Summer Reading II: C.S. Lewis


My second blog on summer reading comes from a much overlooked book, C.S. Lewis’s An Experiment in Criticism. Like so much of his writings, in An Experiment, Lewis is as prescient as he is original, arguing for a more well-rounded and robust reading culture. Only recently have others, like Alan Jacobs and David Ulin, begun to echo Lewis’s basic message about literature.

One of Lewis’s most important points is that at both a high-brow and low-brow level, there is “a confusion between life and art” in the practice of reading fiction.

At the lower level, this confusion is exemplified in the lust for sensational news stories. However, for Lewis, the more corrosive form happens “on a higher level” where:

it appears as the belief that all good books are good primarily because they give us knowledge, teach us ‘truths’ about ‘life’. Dramatists and novelists are praised as if they were doing, essentially, what used to be expected of theologians and philosophers, and the qualities which belong to their works as inventions and as designs are neglected. They are reverenced as teachers and insufficiently appreciated as artists.

The danger here is in losing any sense of literature as art, as something that was made. Lewis explains: Continue reading

The Ark in Newark


In a fine essay that appeared in the December 2013 issue of First Things, poet and critic Dana Gioia lamented the declension in Catholic literature since the mid-twentieth century, and the depressing homogeneity of contemporary American writing in general.  “To visualize the American Catholic arts today,” he wrote, “don’t imagine Florence or Rome.  Think Newark, New Jersey.”[1]  And thinking Newark conjures up visions of rundown apartment buildings and rattling commuter trains.

But Newark conceals a surprise or two up its well-worn sleeve. Continue reading

Live Print at Inprint

For Wyn Morgan Bomar

        I start up the red velvet cake of a staircase at The Alley Theater in Houston for what is already a sold out reading.  I didn’t have a ticket to George Saunders—I wasn’t quick enough—but my friend Wyn miraculously had an extra ticket, and before I knew it, I was seated in her subscriber section seat with my freshly bought copy of The Tenth of December at the ready.  Today, a few weeks later, I am super grateful that I got to see him read in person as Poets and Writers Magazine reports this week that the 2014 Story Prize, with its TWENTY THOUSAND dollar award, went to George Saunders and The Tenth of December.  It is an astonishing collection that is both funny and sad, familiar and shocking, indebted to writers such as Flannery O’Connor and James Joyce, yet still original in striking and memorable ways.  He was already “big time,” and now even more so. It is a thrill to have had such a writer come to Houston.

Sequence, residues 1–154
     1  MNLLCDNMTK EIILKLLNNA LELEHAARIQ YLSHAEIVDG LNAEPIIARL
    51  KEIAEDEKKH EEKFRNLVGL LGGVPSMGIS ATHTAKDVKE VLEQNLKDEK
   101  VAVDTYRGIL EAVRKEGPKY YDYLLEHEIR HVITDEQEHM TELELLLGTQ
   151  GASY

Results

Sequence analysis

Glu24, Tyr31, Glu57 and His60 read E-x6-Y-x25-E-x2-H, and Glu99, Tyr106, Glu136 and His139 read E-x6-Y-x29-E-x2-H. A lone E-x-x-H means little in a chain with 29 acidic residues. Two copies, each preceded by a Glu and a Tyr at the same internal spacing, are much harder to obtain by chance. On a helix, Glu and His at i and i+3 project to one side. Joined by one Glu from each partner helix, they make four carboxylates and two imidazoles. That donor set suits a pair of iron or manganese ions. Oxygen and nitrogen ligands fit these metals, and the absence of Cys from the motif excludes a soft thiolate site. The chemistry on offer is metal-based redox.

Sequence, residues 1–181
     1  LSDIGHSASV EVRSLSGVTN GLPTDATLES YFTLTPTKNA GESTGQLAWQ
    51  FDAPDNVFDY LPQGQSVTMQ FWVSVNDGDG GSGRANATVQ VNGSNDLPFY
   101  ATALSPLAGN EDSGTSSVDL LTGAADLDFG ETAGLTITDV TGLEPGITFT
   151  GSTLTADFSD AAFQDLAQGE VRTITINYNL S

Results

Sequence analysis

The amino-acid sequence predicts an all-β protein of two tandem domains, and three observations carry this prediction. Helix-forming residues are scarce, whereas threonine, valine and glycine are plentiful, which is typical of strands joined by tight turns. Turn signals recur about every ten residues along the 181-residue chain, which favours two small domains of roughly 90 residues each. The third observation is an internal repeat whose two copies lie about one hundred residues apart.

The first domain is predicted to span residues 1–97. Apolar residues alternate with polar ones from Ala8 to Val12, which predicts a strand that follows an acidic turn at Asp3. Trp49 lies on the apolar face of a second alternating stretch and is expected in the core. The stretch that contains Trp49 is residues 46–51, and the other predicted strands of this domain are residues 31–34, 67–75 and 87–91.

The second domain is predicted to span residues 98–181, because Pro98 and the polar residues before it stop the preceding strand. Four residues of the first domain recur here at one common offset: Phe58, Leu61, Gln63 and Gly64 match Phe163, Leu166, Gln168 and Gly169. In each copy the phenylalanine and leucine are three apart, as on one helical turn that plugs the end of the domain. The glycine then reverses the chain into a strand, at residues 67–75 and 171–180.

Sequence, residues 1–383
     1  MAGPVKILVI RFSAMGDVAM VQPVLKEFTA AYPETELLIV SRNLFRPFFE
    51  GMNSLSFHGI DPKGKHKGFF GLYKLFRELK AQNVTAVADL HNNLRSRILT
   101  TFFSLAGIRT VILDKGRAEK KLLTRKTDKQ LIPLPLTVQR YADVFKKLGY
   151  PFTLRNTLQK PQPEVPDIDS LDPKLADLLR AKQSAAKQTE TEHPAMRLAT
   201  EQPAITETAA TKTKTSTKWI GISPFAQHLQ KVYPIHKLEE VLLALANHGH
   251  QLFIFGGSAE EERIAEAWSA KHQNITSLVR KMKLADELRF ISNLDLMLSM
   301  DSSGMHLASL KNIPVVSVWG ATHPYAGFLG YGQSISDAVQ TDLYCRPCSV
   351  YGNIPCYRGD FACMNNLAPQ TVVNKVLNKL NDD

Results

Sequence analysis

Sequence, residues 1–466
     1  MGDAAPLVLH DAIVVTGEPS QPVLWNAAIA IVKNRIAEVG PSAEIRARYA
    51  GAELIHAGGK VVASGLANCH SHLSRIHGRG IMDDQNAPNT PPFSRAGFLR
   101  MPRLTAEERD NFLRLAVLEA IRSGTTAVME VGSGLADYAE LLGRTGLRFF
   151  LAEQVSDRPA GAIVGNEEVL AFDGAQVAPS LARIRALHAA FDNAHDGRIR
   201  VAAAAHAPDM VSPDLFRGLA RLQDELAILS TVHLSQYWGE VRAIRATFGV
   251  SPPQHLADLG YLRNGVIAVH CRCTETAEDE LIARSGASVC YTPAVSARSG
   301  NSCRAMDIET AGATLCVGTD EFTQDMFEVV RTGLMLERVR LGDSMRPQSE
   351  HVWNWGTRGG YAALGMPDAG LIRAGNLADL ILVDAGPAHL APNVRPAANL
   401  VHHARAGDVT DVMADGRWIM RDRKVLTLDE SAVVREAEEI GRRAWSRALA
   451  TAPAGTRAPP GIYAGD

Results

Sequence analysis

How can I see such a rock star writer, one who was featured on the front page of The New York Times no less, right in my own backyard?  This evening was made possible through the magic of the Inprint Margarett Root Brown Reading Series, one of my favorite things about living in H-town.

            Called “Inprint” by the locals, this reading series started in 1980.  Rich Levy, the Executive Director, tells the audience that over 300 writers have been represented in this series, and the list is stunning.  According to their slick brochure that anyone can take away, Houstonians have been able to experience readings by “winners of six Nobel Prizes, 55 Pulitzer Prizes, 51 National Book Awards, 42 National book Critics Circle Awards, and 12 Man Booker Prizes as well as 16 U.S. Poet Laureates.”  This is non-profit arts support at its finest, and it still astonishes me that they have charged such modest admission prices—often only 5 dollars, sometimes even free for students—from the inception of the series.  Even subscribers are only paying a little more than ten dollars per author when you crunch the numbers.

            Sometimes it is at The Alley, as it has been with George Saunders, where he reads from the California-modern living room which is the set for their political drama “Other Desert Cities,” which seems a perfect backdrop for the living-room style conversation of the question and answer session that usually follows each reading.  This time, it was a creative writer asking Saunders how he “does it,” which is perfect as that is what we all want to know.  It was in this theater that I was able to hear the poet Mary Oliver read from her poems, and how she had a sense of humor that I hadn’t seen just on the page.  It was also here that I heard Louise Erdrich, who had also brought her daughter with her, talk about her work working with Native Americans in community writing groups, as well as give a reading from her novel The Painted Drum that was so haunting in its delivery, you could hear a pin drop.